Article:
Ohio's stake in the oil and gas industry

2:44 PM, Nov 1, 2012   |    comments
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To understand what's at stake in Ohio when it comes to oil and gas exploration, you have to understand why Ohio is so attractive to energy companies.

The answer lies thousands of feet below the ground we walk on.

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It's no secret that Ohio is rich in natural gas and oil. Throughout the state, there are more than 60,000 active conventional wells that tap into pools of oil and gas about a thousand feet down.

Since the 1950's, hydraulic fracturing has been used for this type of oil and gas production.

But drilling technology has evolved and today companies are using a combination of horizontal drilling and hydraulic fracturing to access shale five to eight thousand feet below the surface.

"The reason Ohio is at the epicenter of this right now is simply because of the geology," explains Ohio State University Extension Educator Mike Hogan.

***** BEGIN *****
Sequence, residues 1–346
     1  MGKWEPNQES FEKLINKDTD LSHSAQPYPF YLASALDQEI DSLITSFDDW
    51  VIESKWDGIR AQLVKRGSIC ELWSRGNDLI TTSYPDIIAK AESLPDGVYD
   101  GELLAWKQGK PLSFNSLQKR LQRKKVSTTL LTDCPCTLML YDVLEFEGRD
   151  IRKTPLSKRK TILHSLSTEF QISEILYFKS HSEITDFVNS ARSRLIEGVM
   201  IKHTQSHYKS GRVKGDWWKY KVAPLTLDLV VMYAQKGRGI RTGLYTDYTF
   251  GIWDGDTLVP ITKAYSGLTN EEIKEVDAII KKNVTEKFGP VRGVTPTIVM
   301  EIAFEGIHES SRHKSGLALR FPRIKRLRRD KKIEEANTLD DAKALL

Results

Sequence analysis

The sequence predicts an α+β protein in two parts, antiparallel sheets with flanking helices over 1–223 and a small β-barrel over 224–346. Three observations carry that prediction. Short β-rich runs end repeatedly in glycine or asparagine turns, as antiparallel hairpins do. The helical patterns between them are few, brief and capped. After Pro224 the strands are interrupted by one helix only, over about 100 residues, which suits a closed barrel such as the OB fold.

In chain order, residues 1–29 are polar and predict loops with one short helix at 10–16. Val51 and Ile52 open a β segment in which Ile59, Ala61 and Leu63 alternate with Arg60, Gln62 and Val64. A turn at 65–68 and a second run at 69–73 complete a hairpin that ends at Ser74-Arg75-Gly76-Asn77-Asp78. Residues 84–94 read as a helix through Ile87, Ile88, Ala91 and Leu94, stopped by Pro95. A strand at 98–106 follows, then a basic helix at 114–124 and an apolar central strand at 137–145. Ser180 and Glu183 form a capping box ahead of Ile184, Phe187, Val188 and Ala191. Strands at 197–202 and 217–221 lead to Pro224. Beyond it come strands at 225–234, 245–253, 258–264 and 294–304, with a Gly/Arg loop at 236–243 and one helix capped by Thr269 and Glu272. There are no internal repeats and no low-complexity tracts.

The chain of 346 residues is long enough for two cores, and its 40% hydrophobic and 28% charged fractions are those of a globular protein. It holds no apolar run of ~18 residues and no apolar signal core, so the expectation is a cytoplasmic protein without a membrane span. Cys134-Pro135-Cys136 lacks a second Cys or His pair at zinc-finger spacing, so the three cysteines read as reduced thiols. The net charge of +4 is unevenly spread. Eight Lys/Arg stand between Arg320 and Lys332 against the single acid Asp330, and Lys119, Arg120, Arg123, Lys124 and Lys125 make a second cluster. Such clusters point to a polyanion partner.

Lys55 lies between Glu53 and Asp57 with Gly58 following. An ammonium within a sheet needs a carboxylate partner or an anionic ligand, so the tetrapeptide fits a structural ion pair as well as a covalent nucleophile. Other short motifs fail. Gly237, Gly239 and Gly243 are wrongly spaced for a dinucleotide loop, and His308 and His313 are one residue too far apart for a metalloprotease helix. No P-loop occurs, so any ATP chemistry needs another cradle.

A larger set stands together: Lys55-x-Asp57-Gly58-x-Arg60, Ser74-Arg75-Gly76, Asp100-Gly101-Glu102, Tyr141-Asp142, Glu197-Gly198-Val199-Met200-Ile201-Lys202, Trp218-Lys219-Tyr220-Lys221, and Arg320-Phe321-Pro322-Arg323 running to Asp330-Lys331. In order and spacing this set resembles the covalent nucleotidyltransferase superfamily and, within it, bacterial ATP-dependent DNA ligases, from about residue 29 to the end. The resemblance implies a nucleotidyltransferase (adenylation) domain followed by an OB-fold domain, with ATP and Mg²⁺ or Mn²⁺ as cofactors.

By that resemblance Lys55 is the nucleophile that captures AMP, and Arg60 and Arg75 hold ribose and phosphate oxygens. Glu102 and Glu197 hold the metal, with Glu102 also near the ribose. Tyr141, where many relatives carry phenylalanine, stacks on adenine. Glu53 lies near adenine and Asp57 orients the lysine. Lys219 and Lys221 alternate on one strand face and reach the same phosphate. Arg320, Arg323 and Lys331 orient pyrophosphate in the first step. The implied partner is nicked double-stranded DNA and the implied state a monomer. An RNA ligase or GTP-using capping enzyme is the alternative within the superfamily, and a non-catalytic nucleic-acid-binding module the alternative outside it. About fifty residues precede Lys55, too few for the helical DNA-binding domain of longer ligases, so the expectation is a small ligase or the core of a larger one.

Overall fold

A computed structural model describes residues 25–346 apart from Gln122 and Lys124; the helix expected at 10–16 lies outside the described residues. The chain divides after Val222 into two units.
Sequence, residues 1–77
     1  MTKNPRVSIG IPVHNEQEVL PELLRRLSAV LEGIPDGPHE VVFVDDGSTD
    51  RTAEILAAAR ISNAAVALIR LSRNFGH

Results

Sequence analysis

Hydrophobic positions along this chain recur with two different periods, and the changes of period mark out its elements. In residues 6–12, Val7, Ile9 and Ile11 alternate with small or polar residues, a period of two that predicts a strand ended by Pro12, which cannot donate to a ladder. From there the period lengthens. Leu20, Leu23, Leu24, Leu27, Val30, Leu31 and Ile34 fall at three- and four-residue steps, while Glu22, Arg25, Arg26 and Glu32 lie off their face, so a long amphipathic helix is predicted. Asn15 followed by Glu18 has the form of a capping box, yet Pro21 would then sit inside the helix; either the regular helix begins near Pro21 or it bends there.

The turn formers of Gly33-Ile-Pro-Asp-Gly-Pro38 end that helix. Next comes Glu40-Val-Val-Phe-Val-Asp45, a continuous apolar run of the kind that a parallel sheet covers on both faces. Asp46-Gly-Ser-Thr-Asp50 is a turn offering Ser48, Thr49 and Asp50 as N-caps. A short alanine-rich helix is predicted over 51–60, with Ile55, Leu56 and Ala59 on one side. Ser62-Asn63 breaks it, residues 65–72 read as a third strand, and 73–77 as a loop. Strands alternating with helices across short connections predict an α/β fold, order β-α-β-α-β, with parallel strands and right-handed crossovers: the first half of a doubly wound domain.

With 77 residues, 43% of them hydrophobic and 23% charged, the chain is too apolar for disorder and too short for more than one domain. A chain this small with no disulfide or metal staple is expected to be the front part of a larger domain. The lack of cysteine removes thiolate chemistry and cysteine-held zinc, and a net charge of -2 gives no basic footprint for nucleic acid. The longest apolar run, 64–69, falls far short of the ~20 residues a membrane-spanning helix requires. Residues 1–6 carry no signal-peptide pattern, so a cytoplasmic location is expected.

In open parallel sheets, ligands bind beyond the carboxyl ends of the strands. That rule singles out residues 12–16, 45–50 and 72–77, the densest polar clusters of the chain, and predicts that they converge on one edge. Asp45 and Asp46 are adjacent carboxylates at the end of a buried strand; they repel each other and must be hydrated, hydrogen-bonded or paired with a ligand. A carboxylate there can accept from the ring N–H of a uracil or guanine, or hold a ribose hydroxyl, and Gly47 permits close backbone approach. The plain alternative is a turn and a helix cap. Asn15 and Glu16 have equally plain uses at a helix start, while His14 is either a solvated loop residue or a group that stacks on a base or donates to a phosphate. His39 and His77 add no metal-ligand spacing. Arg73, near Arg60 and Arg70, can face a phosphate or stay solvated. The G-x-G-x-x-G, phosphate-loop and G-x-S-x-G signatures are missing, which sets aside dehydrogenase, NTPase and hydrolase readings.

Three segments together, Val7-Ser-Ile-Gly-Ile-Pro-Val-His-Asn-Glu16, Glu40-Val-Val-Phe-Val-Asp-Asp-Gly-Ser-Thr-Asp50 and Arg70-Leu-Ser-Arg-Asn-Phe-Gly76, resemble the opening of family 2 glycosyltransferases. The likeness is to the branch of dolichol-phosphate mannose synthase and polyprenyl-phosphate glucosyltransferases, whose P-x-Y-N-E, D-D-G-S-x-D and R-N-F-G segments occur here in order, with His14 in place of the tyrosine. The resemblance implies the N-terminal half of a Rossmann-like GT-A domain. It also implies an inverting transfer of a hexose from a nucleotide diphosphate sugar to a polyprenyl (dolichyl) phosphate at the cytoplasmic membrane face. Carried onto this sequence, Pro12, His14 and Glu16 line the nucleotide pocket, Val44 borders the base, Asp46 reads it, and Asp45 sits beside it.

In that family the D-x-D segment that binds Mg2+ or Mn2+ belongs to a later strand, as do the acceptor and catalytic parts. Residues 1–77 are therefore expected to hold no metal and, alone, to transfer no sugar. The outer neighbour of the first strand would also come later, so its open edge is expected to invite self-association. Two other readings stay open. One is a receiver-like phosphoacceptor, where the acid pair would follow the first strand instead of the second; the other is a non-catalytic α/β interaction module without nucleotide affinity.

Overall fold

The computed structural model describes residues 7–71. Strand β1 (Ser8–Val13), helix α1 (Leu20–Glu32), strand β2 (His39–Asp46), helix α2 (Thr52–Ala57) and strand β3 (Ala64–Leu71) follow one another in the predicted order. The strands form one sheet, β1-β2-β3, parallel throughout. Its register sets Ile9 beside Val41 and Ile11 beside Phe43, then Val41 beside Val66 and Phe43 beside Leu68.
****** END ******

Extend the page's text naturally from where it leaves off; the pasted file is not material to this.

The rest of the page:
Ohio sits atop the Marcellus and Utica shale formations, which are getting much of the industry's attention these days.

"This line where the Marcellus and the Utica meet seems to be what the industry calls the 'sweet spot,'" he says.

Horitzontal drilling now allows companies to make contact with that shale, once thought impossible to reach.

To do so, millions of gallons of water mixed with sand and chemicals are pumped underground to break apart rock. A drill then goes about a mile down and branches out horizontally another mile.

Small fractures free gas and oil trapped inside shale, which then flows back up to the surface.

"Being able to fracture out a mile is an incredible science," says Rhonda Reda, executive director of the Ohio Oil and Gas Energy Education Program.

What energy companies find when they drill is highly profitable. In fact, five of the largest publicly-traded energy companies are now invested in Ohio -- Chesapeake, Shell, Hess, Exxon Mobil and BP.

"Energy companies that were drilling in Pennsylvania in the Marcellus...they're actually pulling up rigs and moving them to Ohio as we speak, to take advantage of the increased profitability," says Hogan.

Database of Ohio wells and permits


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